Last night, the Supreme Court, in an almost unanimous vote (you know who dissented), declared the indefinite detention provision of the National Defense Authorization Act (NDAA) as “blatantly unconstitutional.”
“This provision violates virtually every right I could possibly think of. It sweeps habeas corpus under a rug and asks us to forget what happened to it,” remarked Associate Justice of the U.S. Supreme Court Stephen Breyer.
“What’s ‘habes-‘r-us corpses’?” asked a civilian bystander that happened to walk by.
“And what did happen to it?” asked another.
However, Obama has not wavered on the subject, still maintaining his hardline obduracy. In a tweet created several minutes after the court came to its pronouncement, Obama wrote, “supreme court? ndaa? LULZ. im Prez. i do what i want.”
This follows a several month-long skirmish between Obama and Federal Judge Katherine Forrest, who fought to permanently block the provision. Judge Forrest blocked the provision numerous times, yet the Obama administration put an emergency freeze on her decision and finagled its way all the way to the Supreme Court.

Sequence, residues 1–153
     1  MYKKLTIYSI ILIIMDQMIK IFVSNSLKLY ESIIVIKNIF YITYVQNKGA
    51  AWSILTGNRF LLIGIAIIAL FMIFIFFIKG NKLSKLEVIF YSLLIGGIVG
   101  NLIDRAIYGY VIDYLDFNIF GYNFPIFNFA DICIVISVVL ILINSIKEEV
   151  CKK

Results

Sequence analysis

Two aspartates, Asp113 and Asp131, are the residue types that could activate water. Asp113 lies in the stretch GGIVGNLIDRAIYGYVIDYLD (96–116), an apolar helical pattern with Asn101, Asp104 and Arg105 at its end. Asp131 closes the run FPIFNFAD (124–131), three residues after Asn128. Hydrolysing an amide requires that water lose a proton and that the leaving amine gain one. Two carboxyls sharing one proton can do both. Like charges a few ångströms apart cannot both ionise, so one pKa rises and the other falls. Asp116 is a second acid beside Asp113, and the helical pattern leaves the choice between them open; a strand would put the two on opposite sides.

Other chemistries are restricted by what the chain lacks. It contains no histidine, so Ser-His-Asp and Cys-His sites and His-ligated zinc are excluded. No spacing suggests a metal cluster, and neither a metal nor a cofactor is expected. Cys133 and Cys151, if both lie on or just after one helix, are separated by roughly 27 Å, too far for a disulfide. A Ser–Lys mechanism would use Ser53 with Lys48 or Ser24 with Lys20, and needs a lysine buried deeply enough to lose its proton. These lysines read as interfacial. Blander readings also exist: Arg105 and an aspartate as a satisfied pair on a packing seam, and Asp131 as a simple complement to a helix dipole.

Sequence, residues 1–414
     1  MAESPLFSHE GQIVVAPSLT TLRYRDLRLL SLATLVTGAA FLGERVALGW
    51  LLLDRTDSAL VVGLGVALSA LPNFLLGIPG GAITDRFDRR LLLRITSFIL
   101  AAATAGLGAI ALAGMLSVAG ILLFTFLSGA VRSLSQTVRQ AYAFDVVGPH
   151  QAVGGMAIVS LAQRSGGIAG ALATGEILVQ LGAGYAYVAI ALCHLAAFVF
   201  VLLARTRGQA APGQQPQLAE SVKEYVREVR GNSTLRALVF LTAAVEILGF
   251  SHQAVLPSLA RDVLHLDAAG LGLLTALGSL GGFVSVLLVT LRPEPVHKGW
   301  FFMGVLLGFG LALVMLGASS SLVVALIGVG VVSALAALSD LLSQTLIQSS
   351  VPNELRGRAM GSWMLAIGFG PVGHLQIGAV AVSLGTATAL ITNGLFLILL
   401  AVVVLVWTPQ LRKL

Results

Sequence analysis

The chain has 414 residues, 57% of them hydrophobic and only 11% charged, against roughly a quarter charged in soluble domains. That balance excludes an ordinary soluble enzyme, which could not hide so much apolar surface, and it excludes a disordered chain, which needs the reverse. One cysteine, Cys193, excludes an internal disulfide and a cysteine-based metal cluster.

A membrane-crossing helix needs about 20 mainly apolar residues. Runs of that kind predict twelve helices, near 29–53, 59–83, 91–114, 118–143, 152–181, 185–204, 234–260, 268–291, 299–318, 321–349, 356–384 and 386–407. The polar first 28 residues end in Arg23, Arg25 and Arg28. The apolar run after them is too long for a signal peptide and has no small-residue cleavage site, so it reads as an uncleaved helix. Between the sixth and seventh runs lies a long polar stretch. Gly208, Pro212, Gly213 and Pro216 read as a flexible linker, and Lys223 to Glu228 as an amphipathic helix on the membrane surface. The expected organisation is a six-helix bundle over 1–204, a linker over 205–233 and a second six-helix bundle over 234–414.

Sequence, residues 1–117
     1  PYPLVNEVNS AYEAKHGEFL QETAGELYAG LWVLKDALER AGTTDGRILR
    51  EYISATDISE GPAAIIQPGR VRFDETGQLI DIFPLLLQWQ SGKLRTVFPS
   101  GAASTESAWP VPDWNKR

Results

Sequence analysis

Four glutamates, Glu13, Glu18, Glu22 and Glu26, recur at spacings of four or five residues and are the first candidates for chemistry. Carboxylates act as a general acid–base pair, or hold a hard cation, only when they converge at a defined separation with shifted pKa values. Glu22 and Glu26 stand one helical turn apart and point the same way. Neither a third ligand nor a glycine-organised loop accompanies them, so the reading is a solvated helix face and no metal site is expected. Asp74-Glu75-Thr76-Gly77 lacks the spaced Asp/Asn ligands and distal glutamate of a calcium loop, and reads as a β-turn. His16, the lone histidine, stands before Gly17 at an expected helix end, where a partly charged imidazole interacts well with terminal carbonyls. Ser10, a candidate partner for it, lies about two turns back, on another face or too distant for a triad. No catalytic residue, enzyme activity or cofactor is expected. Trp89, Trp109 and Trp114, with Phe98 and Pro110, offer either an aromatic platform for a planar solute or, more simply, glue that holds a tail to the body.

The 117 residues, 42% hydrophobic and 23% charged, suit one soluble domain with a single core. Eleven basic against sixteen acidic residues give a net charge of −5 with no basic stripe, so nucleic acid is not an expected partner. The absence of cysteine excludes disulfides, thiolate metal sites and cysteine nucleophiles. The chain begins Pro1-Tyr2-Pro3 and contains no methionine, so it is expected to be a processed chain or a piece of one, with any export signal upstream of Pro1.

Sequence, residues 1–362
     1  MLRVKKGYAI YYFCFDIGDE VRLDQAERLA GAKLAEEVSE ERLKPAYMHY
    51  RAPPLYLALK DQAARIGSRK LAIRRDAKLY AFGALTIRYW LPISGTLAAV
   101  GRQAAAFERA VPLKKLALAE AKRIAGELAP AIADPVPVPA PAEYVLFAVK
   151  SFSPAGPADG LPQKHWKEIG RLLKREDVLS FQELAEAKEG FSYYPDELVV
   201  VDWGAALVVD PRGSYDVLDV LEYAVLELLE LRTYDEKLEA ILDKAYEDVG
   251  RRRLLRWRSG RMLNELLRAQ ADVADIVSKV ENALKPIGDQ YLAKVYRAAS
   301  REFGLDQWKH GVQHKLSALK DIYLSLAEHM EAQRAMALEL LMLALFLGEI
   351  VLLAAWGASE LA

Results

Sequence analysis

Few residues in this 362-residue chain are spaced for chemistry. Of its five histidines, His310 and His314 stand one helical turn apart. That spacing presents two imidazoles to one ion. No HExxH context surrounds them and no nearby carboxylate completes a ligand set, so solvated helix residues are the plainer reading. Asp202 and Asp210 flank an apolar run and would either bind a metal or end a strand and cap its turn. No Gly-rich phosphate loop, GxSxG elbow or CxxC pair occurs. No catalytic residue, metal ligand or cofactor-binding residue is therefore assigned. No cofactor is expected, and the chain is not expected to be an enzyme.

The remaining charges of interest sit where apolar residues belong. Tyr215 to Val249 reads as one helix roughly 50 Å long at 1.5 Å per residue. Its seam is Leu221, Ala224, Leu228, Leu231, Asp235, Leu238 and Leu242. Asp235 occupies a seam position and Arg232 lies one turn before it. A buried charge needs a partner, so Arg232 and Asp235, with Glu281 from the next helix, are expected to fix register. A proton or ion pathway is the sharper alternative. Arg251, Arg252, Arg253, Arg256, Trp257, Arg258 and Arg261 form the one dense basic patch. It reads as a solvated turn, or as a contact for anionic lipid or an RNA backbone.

As the Obama’s tweet suggests, many are skeptical as to whether the court’s decision will have any bearing on the president’s decisions.
“It is clear he is just going to keep illegally imprisoning, not to mention killing, poor, brown people, whose only crimes were being born in the wrong part of the planet,” commented Daniel Ellsberg, a former United States military analyst, famous for releasing the Pentagon Papers in 1971.
Ellsberg, along with noted intellectual dissident Noam Chomsky, Pulitzer Prize-winning journalist and author Chris Hedges, et al., filed a lawsuit against President Obama last August, arguing that the NDAA likely violates the first and fifth Amendments.
When asked why Obama would ignore the court’s unambiguous declaration, Chomsky answered, “Why, it’s very simple, really. The United States is moving, and quite rapidly, at that, from a police state into a military dictatorship. Those pesky rights are very inconvenient to those in power. If you would like to learn more, read one of my books.”
Dr. Chomsky has written over 100 books.
Chris Hedges was asked the same. “Read one of his books,” he replied, pointing to Professor Chomsky.